Lady Paperclip (paperclipbitch) wrote,
Lady Paperclip

"This Didn't Happen To Farrah Fawcett", House MD, Amber/13

Title: This Didn’t Happen To Farrah Fawcett
Fandom: House MD
Pairing: Amber/13
Challenge/Prompt: 100moods, 026. Determined
Rating: PG-13
Word Count: 2560
Genre: Pre-femslash
Spoilers: 4x04 Guardian Angels
Summary: Amber sometimes gets the feeling that 13 is playing a completely different game from the rest of them.
Author’s Notes: I love writing House femslash, and as Cameron is being so fucking annoying and Cuddy is having lovely UST with Foreman, I had to resort to abusing the newbies. Not that it’s any great hardship :) I like my femslash bitchy, and these two definitely qualify as bitchy.

Amber sometimes gets the feeling that 13 is playing a completely different game from the rest of them.

Then she gets worried that that’s exactly what 13 wants her to think, and she hates that she’s allowing herself to get caught in the trap that’s been set solely for House.

13 isn’t interesting; she’s just determined to make House think that so he’ll hire her, and won’t figure out until the last minute that actually 13 just found a different way to play the system. Or maybe he already knows and is trying to see exactly how far 13 can carry on this mystery schtick before she cracks.

Amber thought she had House all sussed out – predictable in his unpredictability, is that some kind of oxymoron or is it just interminably dull – but now she’s beginning to realise that the game she thought she’d come up with to see her through is being run by a new master.

Namely: House will give her just enough rope to hang herself. And if she slacks off, at all, then he’ll fire her. So she’s got to keep pushing and playing her stereotype role, because if she stops then she’ll have backed out and she won’t get the job. Although, really, it’s not about the job any more. It’s not even about winning any more. In truth, Amber isn’t entirely sure what it’s about now; if any of them know. The only thing is that they can’t turn back, not now. It’s a war of nerves but no one can remember who they’re fighting against: each other, House, or themselves.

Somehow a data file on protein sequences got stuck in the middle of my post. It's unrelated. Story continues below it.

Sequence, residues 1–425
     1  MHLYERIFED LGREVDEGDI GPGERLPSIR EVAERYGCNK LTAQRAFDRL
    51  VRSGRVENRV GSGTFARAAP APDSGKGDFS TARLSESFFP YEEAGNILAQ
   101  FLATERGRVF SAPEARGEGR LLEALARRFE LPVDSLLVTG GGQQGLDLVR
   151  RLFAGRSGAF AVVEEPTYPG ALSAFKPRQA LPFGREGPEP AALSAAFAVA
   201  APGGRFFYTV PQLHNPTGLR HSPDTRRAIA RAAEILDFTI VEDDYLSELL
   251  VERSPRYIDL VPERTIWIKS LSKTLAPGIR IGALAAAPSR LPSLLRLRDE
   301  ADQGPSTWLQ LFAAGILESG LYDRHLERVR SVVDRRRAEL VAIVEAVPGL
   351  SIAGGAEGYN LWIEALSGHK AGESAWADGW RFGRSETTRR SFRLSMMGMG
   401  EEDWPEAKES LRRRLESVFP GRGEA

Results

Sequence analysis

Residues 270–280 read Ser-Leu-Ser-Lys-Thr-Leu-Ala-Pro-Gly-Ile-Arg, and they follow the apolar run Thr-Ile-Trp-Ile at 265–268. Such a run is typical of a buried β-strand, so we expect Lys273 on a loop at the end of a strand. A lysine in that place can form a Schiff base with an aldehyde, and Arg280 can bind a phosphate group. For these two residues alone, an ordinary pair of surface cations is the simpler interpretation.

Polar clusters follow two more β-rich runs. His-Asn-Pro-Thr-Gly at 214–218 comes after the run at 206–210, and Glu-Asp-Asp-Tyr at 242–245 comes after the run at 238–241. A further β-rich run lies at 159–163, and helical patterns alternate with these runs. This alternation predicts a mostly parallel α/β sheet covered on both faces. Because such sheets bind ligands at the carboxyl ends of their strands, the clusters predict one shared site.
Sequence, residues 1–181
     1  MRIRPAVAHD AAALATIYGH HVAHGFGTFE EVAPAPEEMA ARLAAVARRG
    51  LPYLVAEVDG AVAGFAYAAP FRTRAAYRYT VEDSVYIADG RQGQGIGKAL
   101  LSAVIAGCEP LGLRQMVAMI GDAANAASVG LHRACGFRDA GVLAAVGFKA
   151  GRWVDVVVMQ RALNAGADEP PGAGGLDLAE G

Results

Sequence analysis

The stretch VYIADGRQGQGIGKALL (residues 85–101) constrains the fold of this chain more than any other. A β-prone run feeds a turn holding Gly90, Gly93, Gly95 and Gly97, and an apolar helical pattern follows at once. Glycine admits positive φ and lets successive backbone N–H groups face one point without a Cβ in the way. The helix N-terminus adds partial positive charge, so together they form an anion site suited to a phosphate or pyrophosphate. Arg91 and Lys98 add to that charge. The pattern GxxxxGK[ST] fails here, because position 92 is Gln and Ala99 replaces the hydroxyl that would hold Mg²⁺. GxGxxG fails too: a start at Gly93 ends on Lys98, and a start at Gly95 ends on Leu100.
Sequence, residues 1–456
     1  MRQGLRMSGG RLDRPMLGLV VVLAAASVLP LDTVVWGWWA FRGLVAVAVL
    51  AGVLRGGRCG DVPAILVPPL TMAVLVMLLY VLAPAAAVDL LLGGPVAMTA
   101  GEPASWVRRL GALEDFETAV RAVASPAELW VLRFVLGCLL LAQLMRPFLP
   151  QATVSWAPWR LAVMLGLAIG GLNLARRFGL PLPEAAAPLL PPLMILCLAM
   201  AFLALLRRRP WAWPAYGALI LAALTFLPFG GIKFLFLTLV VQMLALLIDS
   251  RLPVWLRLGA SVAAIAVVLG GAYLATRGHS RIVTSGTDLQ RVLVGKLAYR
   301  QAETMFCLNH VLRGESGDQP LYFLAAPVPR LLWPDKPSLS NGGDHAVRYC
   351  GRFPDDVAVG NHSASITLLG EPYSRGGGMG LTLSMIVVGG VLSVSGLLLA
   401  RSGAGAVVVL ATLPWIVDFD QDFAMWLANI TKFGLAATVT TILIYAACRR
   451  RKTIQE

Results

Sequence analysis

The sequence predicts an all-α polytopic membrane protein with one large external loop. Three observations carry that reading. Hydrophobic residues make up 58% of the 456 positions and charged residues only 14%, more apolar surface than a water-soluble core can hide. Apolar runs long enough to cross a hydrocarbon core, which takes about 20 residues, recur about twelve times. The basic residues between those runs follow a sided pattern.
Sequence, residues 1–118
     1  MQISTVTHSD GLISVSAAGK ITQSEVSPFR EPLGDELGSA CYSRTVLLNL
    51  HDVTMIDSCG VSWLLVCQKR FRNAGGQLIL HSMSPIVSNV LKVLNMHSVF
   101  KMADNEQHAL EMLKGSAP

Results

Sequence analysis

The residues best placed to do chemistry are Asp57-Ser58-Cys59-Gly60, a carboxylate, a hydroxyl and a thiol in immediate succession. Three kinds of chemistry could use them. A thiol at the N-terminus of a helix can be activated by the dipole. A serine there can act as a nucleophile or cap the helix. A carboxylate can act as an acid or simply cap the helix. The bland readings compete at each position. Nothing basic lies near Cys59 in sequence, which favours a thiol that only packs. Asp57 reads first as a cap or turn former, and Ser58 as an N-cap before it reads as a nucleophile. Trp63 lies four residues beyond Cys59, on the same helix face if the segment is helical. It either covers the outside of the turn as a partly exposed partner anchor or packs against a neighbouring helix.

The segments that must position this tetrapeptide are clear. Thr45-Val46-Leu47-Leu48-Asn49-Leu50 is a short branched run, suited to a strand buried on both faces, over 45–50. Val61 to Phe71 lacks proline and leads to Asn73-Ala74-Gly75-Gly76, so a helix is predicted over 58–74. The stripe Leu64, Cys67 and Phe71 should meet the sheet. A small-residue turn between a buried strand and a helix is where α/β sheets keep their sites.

“Is it always like this?” she asks Chase, catching him between surgeries.

“I’m not talking to you any more,” he replies smoothly. “Go get a How To Cope With Gregory House For Dummies book. Or, you know, a life.”

Amber gives him a look that makes him flush and glance away; because they all know how well Robert Chase managed getting himself a life.

“He won’t hire you,” Chase tells her.

Amber bites the tip of her tongue, and doesn’t reply.

Anyway, she researched it: daddy issues, bleeding heart beyond what was healthy, minor criminal record. House likes his fellows with gimmicks, with catches, with issues. He likes puzzles, and he likes pushing people until they bend. He doesn’t like it if they bend too easily; and he doesn’t like it if they never bend.

House is an asshole. And he knows it, and he’s probably been told it by everyone from his ex-girlfriend to his mother to his best friend to his boss to his patients.

So now, he wants something new.

And that’s ok; but why does 13 know what it is and Amber doesn’t?


She has grave mud on her shoes, and if that weren’t bad enough, she has grave mud in her goddamn hair and under her fingernails and all over her clothes too.

Amber can’t figure out if this is all part of House’s testing procedure, or if it’s always going to be like this. If winning the game is just going to result in her spending the rest of her life doing things that are simultaneously illegal and really really gross.

Also, the way the guys all kind of got into it was pretty worrying.

They trail back into the hospital, leaving mud everywhere, and all Amber really wants is a shower. Anything to get the dirt off, which smells sort of cold and clammy and this wasn’t meant to be the game at all.

She’s alone in the too-shiny shower room, peeling off filth-incrusted clothes, and telling herself that the ground above a coffin that had a dead guy in it is in no way the same as ground that touched the dead guy itself, and that shrieking like a girl is a surefire way to show she’s cracked and should be fired. Her eyes are itching, and Amber decides that at least she wasn’t the one breaking into the coffin and taking brain samples from a dead guy; cut-throat bitch she might be, but there is a line she’s going to draw.

Of course, House is more than willing to erase that line, but he is Not Here. He is probably at home playing his guitar or indulging in that distinctly unsettling relationship he has with Dr Wilson, while the rest of them play at being grave-robbers.

In all honesty, Amber has had more fun evenings.

13 walks in as Amber gets started on the buttons of her shirt. They stare at each other for a long second, an acknowledgement of the fact neither of them are going to back down and that they might have had a shared experience of coffee and doughnuts over an open grave, but that won’t ever make them anything less than vitriolic. Besides, 13 knows that she’s winning, and that’s just plain maddening.